In my view, correlation might boost useful science in the sense of working or realistic correlations. Nonetheless, in most disciplines intuition, creativity, asking good questions (perspectives/frames !), understanding, models and theory still have a clear value add, albeit for social / sharing reasons on top of a deeper understanding of the why of natural or social phenomena. Additionally, the reasoning of Chris Anderson is relevant for the rise of the mobile internet and its ubiquitous computing role in the near future. All these real-time mobile sensors might boost correlations and predictive capabilities to a certain degree while still acknowledging the power of Black Swans. Furthermore, Andersons' view seems to resonate with the Internet Scenario and Digital Gaia Scenario within the Singularity according to Vernor Vinge in which the continuing profileration and advancement of the internet will give rise to posthuman sense of consciousness as its too complex to contemplate. Finally, the role of the Semantic Web/Web 3.0 is interesting in the light of Andersons' reasoning. He seems to disagree with the benefits of the meaning and top-down structures of the Semantic Web. It would be great to see the responses of Tim Berners Lee and Nova Spivack to the Anderson piece.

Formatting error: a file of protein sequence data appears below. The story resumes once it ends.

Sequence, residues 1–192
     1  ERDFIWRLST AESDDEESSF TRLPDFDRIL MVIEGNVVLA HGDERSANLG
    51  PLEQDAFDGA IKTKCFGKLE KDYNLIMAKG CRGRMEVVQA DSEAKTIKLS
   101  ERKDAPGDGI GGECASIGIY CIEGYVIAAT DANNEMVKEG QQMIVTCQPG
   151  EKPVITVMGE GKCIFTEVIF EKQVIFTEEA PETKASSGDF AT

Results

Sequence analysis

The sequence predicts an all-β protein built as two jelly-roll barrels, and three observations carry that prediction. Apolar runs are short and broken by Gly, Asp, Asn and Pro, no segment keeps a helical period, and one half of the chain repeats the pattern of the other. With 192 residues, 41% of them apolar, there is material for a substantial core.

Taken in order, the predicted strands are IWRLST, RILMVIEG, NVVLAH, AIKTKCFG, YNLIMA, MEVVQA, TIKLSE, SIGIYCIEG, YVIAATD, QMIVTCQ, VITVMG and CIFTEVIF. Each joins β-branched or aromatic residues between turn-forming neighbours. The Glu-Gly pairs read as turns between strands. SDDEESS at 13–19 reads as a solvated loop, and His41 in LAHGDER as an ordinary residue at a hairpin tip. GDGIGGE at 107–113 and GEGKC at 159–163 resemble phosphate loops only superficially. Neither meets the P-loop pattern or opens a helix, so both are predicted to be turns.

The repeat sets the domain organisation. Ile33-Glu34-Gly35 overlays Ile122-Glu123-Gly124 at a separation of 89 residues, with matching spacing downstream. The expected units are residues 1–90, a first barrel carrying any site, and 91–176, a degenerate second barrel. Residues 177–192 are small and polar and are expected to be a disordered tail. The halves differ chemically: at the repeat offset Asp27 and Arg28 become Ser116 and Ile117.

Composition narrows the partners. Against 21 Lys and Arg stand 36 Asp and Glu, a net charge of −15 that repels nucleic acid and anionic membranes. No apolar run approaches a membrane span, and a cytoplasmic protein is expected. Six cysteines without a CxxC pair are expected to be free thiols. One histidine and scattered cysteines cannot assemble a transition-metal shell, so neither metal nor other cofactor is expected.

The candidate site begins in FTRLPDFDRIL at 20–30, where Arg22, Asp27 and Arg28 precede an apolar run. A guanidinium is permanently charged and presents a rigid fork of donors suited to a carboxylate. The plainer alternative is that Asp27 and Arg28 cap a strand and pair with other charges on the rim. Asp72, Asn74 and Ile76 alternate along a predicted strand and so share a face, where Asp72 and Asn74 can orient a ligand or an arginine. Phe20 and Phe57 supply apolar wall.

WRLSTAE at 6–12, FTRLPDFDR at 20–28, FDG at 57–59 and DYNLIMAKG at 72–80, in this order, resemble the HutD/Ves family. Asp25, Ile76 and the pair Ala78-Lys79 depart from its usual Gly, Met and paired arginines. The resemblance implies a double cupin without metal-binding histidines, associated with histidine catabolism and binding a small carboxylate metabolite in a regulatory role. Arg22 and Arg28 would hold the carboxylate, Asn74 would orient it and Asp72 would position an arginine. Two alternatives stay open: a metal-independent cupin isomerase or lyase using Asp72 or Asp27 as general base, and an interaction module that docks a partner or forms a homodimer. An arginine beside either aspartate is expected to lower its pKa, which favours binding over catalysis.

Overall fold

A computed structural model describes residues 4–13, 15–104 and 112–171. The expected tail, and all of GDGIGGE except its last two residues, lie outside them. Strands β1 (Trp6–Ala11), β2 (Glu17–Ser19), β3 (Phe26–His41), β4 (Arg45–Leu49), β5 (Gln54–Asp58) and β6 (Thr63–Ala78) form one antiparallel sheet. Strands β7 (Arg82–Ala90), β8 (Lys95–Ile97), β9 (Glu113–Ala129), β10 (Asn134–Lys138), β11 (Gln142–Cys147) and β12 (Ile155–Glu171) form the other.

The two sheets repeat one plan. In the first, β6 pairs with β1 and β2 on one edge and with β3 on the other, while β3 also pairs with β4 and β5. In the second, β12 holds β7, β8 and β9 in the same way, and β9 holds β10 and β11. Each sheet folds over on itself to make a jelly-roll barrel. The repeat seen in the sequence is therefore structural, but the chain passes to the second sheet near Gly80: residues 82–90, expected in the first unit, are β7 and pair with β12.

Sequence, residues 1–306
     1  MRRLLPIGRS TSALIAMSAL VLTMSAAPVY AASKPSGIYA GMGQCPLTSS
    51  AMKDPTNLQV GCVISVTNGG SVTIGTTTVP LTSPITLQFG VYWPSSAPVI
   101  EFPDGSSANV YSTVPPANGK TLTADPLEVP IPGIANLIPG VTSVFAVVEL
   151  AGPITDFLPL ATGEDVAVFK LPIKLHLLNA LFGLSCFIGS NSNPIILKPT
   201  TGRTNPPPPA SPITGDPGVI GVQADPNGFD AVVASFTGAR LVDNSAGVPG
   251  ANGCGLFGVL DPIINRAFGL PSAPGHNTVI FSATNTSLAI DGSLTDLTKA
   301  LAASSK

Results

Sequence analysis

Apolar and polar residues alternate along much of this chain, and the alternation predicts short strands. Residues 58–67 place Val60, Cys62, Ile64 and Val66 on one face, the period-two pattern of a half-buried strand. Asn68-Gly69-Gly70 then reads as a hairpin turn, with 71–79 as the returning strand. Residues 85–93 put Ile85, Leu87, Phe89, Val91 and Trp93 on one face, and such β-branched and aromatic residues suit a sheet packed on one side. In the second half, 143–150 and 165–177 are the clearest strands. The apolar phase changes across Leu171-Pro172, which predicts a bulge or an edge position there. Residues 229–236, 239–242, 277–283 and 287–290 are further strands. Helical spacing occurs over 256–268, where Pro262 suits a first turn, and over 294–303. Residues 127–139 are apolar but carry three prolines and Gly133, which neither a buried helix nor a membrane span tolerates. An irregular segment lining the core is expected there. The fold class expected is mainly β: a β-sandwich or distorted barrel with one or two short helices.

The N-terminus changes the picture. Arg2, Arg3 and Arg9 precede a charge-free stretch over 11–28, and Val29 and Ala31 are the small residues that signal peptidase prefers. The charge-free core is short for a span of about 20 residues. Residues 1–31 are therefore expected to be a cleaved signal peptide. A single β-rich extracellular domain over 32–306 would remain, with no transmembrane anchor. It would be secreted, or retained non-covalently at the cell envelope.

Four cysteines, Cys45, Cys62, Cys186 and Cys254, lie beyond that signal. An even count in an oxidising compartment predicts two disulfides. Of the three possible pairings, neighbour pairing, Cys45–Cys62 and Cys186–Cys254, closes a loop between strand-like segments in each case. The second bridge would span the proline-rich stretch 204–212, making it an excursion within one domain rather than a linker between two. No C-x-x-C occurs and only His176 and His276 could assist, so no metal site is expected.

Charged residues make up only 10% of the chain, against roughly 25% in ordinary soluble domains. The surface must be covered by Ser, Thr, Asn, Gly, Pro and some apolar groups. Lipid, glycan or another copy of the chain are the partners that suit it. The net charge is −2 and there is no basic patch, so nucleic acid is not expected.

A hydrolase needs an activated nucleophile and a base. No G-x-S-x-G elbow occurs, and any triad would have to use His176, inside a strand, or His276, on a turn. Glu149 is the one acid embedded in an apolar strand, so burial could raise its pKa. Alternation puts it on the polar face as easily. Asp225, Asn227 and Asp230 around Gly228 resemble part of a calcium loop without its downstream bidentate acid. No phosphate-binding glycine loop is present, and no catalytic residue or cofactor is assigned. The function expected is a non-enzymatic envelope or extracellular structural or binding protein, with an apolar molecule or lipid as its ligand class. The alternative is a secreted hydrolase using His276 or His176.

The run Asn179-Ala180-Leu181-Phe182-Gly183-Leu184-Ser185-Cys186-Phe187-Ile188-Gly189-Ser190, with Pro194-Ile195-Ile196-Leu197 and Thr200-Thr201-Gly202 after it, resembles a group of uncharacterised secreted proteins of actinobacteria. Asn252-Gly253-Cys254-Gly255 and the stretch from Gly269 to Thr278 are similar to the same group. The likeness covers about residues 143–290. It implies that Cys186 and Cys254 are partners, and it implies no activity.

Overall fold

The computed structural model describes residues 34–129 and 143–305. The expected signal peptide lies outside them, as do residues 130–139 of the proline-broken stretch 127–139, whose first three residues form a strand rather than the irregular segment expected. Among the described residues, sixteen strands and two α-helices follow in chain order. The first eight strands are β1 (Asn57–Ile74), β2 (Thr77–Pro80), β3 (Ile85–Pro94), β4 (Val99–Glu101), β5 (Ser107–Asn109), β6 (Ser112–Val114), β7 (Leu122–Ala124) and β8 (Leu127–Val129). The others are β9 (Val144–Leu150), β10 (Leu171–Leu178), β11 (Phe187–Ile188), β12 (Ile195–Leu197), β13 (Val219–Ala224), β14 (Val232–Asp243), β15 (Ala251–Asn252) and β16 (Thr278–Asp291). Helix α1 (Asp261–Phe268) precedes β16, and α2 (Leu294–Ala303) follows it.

"All models are wrong, but some are useful. So proclaimed statistician George Box 30 years ago, and he was right. But what choice did we have? Only models, from cosmological equations to theories of human behavior, seemed to be able to consistently, if imperfectly, explain the world around us. Until now. Today companies like Google, which have grown up in an era of massively abundant data, don't have to settle for wrong models. Indeed, they don't have to settle for models at all.